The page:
It was once proposed to me by a former co-worker that high-fashion brands were elevating sneaker culture and bringing footwear into a space that typical shoe companies could never reach. Not only did I think that was a poor and factually untrue idea, but that it was condescending to anyone who had been into sneakers for a long time. Sneaker obsession is all the rage right now, and people who had no clue what an Air Max 93 or Adidas EQT were three years ago are becoming experts on release date apps and building collections of obscure and rare sneakers. You see designers from Raf Simons to Riccardo Tisci getting their own sneaker collaborations, and nearly every fashion house has tried its hand at creating an “original” shoe, while ripping off classics from Nike, Adidas, Converse, and New Balance in the process and charging seven times the retail price of the original. For some consumers, it’s a way to show that they have bundles of cash to spend on overpriced footwear, but a lot of sneaker enthusiasts view this phenomenon as outsiders cashing in on something that they’ve been into for years or decades.
High fashion’s attraction to the sneaker industry couldn’t be more apparent right now. The Balenciaga Triple S, with its three soles, is one of the most hyped and divisive shoes on the market. Some people see it as a way to show the world that they spent $900. Others consider it the ugliest sneaker they’ve ever laid eyes on. It’s spawned a legion of imitators. Louis Vuitton has its own chunky sneaker. People claim that Acne did it all before both of these brands. You can even cop a knockoff Triple S, in the same primary-colors makeup, from Finish Line. Let me tell you something: All these shoes suck.
It doesn’t take much imagination to take the New Balance 990, make it more ridiculous, and raise its price. Just buy a pair of New Balance. Not only are they a fraction of the price, but they don’t make you look like a jerkoff who only leaves the house with the intention of getting your picture taken. They also show that you actually know a thing or two about sneakers, or rather that you’re not an over-the-top prick who only cares about your image.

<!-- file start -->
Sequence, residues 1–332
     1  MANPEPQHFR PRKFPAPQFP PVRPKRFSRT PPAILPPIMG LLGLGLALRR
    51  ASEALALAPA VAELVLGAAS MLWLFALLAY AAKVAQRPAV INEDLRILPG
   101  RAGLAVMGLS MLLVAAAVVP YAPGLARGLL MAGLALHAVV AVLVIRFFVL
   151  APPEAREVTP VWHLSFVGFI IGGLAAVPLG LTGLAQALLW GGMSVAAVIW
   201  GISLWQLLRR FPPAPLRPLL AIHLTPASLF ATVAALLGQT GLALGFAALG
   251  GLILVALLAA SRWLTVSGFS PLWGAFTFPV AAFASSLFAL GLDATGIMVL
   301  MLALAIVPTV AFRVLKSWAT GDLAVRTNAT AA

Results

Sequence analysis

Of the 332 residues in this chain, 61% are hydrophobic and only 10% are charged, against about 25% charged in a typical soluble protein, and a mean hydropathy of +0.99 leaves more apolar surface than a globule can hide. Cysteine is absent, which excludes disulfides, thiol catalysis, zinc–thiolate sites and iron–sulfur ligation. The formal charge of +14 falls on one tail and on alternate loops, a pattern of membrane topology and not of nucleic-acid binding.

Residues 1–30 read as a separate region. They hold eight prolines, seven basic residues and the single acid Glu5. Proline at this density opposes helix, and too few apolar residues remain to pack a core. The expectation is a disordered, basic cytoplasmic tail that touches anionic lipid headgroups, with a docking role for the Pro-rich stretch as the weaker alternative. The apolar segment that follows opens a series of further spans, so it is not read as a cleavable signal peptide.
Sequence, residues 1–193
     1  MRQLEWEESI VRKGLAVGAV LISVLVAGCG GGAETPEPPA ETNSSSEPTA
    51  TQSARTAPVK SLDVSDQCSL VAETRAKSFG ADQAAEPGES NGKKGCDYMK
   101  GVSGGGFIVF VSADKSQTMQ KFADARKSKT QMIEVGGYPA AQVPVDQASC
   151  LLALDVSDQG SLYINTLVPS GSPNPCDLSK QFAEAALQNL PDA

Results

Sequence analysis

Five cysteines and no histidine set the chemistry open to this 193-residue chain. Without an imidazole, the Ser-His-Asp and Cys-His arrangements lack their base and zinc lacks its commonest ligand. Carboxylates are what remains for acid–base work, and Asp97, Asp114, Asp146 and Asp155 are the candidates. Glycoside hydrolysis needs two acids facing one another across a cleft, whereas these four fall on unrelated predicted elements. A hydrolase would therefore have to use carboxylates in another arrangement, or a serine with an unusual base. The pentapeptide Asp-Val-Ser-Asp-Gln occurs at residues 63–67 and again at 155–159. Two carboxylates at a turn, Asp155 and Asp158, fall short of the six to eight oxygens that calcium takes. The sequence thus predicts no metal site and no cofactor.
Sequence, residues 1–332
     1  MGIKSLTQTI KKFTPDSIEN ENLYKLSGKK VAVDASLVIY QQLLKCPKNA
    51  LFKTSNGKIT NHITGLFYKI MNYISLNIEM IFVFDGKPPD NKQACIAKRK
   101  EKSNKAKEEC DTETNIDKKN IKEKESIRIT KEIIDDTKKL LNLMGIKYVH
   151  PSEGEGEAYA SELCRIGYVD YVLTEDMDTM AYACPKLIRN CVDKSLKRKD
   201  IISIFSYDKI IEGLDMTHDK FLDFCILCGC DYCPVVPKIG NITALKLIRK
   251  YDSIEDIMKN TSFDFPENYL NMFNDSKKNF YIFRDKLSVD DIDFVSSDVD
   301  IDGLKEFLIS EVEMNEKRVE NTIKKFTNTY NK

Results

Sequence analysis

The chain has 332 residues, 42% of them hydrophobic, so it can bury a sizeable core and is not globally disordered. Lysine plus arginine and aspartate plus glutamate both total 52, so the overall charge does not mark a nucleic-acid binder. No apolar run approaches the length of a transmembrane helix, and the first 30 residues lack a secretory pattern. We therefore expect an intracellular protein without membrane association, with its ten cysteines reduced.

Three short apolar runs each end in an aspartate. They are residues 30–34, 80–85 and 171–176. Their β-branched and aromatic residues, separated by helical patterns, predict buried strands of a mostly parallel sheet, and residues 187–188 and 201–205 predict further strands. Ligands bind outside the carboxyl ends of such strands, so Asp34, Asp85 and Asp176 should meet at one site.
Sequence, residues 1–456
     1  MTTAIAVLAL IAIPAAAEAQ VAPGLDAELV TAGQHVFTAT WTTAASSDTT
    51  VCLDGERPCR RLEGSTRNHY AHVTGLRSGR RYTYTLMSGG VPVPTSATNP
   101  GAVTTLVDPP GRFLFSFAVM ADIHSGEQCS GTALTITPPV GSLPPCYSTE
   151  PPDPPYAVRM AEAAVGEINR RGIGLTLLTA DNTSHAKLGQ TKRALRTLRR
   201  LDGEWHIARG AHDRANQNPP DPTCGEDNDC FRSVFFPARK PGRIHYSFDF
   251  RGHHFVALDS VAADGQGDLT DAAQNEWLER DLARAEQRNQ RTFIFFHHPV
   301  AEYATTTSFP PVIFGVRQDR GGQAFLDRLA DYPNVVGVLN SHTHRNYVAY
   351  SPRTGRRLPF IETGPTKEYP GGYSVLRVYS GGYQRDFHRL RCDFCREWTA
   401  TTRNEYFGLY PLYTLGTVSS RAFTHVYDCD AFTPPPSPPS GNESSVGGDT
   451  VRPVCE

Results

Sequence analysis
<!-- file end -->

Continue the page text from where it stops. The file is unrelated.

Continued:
The more egregious act committed by high-fashion houses is when they try to make a one-for-one recreation of some of the most tried-and-true silhouettes in the annals of footwear. The Air Jordan 1, Adidas Stan Smith, Converse Chuck Taylor, or Nike Air Force 1. I’m not saying these shoes are sacred and not to be touched, but you’re not fooling anyone by taking a tennis shoe from the ‘60s, putting premium leather on it, removing its branding, and charging out the ass for it. I’m also suspicious of the quality of some of these shoes that are produced by smaller brands, but that’s another conversation for another day.
What they’re doing is copying someone else’s homework and claiming they should get a better grade.
It’s become so ridiculous that brands are ripping off lesser-known shoes such as the Nike Footscape. Stop it. Sneaker brands: Send them a cease-and-desist or something. Or do like Adidas did with Japanese brand Hender Scheme, which was knocking off its designs: Do an official collab with the brand. Or don’t, because that collaboration was awful.